Open data provides us with reliable yet raw information. One of the main hurdles inhibiting its use lay in its siloed nature. As a consequence, extracting meaningful insights becomes laborious and time-consuming. Even when insights are drawn, consumers lack a platform to voice their ideas and positively affect change in our society.
Vox Data gives a voice to open data and the people.
Vox Data consolidates over 100 unique open datasets from public and private enterprise, focusing on quality of life metrics. Using a range of statistical techniques, it analyses the past to predict the future value of each metric. Normalisation and individualised thresholds are then applied to produce Quality of Life (QOL) scores out of 10. These scores represent the calibre of these QOL indicators in our current and future states. Effectively, Vox Data cuts through the data deluge to provide clarity in the chaos.
A deeper understanding of the open data sources driving these scores are found by clicking on each metric. Along with a narrative, quantitative and qualitative information is displayed showing historical trends of the overall QOL score. Each of the individual components forming the QOL score are also displayed, providing a further level of drill-down analysis.
A moderated community forum sits directly below the individual data components on each click-through page, giving a voice to the people. Access to such disparate information under one umbrella empowers consumers to make informed decisions about the future of their society. This is done through posting their own ideas, commenting on others’ or up/down voting specific threads. The commenting functionality allows the community to debate and discuss concerns of importance and how they can make a change.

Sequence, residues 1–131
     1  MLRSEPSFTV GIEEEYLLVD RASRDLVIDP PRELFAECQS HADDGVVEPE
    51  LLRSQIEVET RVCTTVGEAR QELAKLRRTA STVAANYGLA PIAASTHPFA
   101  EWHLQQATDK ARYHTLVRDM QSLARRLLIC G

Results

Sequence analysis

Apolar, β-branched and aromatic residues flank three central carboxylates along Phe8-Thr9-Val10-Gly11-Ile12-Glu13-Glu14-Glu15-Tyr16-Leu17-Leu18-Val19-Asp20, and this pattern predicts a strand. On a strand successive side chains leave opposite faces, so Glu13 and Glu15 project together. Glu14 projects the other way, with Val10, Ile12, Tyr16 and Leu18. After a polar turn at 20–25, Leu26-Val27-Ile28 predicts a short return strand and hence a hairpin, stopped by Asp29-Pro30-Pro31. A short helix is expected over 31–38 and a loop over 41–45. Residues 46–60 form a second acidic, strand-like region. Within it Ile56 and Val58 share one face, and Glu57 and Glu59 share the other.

Transforming these ideas into impact has always been a challenge for society. The forum provides a unified voice which speaks to local and federal politicians regarding key areas affecting citizen’s current and future quality of life. In addition, accountability through transparency is championed due to the integrity of the data.
Ultimately, Vox Data makes open data more conversational, providing a big-picture viewpoint on all things quality of life.
NB: A working version of the click-through functionality has been developed for Health and as such, all links on the front page will direct to Health.
Over the past 5 years, the ACT Quality of Life Score has experienced a steady increase before a dip in 2018. The driving factors behind this dip were the decreases in the scores of Technology, Crime and Safety, Transport, and Government Services. More specifically, the percentage of late busses, pedestrians involved in accidents and cyclist crashes have all increased.
Looking ahead, Vox Data predicts ACT to have a Quality of Life Score of 6, up one point from our current score of 5. This is mainly due to improvements in Health, Education and the Economy.
Drill-down into ACT Health’s Score:
ACT Health’s score is projected to remain steady over the next ten years, moving from a current score of 6.4 to 6.3 in 2029. Both male and female life expectancies continue to drive improvements in overall metrics while more specific indicators such as the number of adults or children who eat 5 or more serves of vegetables a day negatively impact the score. While mental health mortality is projected to rise in recent years, infant mortality and perinatal death rate are on the decline. The steadily growing number of taxpayers with private health insurance continues to partially offset the cost of healthcare related concessions provided by the Government.